Following up on this morning’s report, another number: Texas is 5-13 in day games.

Day games in April (including March 31): 8
Day games in May: 8

Day games in June: 7
Day games in July: 7
Day games in August: 2
Day games in September: 8

So there’s that.

And the flip side of that abysmal day game record is that Texas is 24-16 at night.

Seeing that San Francisco righthander and Cy Young candidate Tim Lincecum (7-1, 2.23) dealt again today, narrowly falling short of earning his eighth win, reminded me of those scenarios in 2006 under which he would have been there for Texas to take with the draft’s 12th pick.  Instead, the Giants chose Lincecum, Arizona tabbed Max Scherzer, and the Rangers selected Kasey Kiker – a pitcher the organization is certainly excited about, but Lincecum has to be among baseball’s five most valuable (and untouchable) young starters.

This year’s draft begins in four days.  Stay tuned for a bunch of intense Rangers draft coverage, fronted by Scott Lucas’s in-depth preview piece and instant email flashes for each of the Rangers’ Day One picks, and amplified by Eleanor Czajka’s renowned Draft Page, where she gathers scouting reports, scouting video, school bios, and player photos for each Rangers pick.  The discussion on the message board will be heavy.  And on Friday, in your mailbox you’ll find what is typically the longest Newberg Report of the year, reviewing the organization’s Day One activity.

Among the things Jon Daniels said to Anthony Andro of the Fort Worth Star-Telegram over the weekend was this: “I think the draft is maybe the most important two days of the year for an organization.  In today’s game, regardless of what size market you’re in, your farm system, your young players, that’s your lifeblood.  You have to develop your own players to succeed.  It’s critical to what we do.”

There’s never been a time in Rangers history when so many good things were happening at once in the franchise’s farm system.  The last few years have seen a huge resurgence in Latin America.  Last July staged the biggest trade deadline prospect influx that any team has pulled off in memory.  And last summer’s draft haul, through quantity and quality, helped revamp the upside of the system dramatically.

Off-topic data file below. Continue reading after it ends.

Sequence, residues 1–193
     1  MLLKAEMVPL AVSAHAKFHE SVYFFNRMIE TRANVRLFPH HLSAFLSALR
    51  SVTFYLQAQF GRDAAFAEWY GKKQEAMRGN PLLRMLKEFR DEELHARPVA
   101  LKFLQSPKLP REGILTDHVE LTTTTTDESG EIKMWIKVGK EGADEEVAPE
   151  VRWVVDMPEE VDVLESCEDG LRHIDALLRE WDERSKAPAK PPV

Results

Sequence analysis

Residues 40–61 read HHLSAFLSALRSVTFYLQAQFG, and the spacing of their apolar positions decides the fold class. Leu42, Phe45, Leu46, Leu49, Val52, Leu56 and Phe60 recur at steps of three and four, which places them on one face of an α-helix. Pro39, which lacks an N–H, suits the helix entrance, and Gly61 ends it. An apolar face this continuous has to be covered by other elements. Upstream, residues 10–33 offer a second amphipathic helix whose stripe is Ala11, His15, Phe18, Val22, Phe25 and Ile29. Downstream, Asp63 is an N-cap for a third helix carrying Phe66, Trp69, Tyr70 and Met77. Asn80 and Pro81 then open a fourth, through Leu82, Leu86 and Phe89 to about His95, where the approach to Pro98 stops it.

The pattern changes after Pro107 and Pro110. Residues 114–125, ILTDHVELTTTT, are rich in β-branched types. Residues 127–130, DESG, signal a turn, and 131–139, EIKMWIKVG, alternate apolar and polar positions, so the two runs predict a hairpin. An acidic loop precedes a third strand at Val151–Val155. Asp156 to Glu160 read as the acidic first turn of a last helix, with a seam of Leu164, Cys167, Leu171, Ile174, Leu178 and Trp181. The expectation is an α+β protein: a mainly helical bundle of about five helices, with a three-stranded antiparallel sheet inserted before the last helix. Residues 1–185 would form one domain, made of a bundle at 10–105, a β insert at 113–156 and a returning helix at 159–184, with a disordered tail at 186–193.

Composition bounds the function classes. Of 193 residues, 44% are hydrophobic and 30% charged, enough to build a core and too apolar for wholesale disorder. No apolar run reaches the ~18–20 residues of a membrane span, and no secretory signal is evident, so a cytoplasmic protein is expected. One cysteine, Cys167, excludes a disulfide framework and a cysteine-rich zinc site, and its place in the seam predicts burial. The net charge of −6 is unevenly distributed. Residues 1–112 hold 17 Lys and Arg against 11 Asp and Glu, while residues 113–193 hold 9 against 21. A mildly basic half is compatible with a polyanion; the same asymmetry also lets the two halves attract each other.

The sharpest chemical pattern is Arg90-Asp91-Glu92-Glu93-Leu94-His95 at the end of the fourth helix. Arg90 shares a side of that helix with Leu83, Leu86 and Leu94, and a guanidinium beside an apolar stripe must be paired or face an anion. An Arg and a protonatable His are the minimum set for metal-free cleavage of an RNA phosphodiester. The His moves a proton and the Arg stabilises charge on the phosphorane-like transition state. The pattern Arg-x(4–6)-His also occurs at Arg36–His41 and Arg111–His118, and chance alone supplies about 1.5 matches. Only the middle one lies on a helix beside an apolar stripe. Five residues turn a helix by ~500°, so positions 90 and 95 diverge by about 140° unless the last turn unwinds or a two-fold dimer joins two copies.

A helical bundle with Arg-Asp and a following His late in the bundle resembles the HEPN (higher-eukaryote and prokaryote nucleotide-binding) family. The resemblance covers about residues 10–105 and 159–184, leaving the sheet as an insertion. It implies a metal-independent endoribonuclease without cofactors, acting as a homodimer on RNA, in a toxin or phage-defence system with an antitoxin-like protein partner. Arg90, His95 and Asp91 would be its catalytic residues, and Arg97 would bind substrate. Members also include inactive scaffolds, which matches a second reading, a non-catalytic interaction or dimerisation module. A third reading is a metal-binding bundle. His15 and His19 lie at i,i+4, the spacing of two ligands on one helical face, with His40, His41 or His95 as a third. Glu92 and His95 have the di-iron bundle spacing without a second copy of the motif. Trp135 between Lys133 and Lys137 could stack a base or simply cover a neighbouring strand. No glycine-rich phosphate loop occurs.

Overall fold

In three late July trades, Daniels acquired nine players, one of whom (David Murphy) is among the American League leaders in several offensive categories, and three of whom (Max Ramirez, Neftali Feliz [last seven starts, spanning 36.1 innings: one earned run on 21 hits and nine walks, 40 strikeouts with that “flat-out, God-given gasoline”; 5-1, 2.05 overall, .189 opponents’ average, no home runs, 2.24 G/F], and Engel Beltre) have been recognized at one time or another this season as being among the hottest prospects in the game.  Another (Matt Harrison) has thrown a no-hitter despite being among the youngest pitchers in his league.  And yet another two (Jarrod Saltalamacchia and Elvis Andrus) were considered by many to be the top two talents of the nine, and it’s not out of the question that they’ll be that eventually.
But the Rangers aren’t going to pat themselves on the back and shine their 2005 and 2006 and 2007 trophies.  This is about constant, relentless, creative asset accumulation, and Thursday and Friday are huge days. 

Texas chooses 11th on Thursday, followed by picks 57, 89, 123, and 153 before Day One is done.

It’s a big difference from last year’s 17, 24, 35, 44, 54, 80, 110, 140, and 170 through the first five rounds, but at the same time you can count on someone whose name Texas calls on Thursday being a key factor in this team’s effort to return to contention and stay there, whether it’s by impacting the roster before they’re even Rule 5-eligible (like German Duran and Doug Mathis did and Chris Davis, Tommy Hunter, Andrew Laughter, and Derek Holland have chances to do) or by figuring in as a piece in a significant trade (Danny Ray Herrera).

Thursday and Friday are important and could be big, and not only because the Rangers twice play at night, when they’re a .600 baseball team.  It’s Draft Week, one of the most energizing times of the year, whether your team is out of contention or surging as one of baseball’s hottest clubs.


You can read more from Jamey Newberg at

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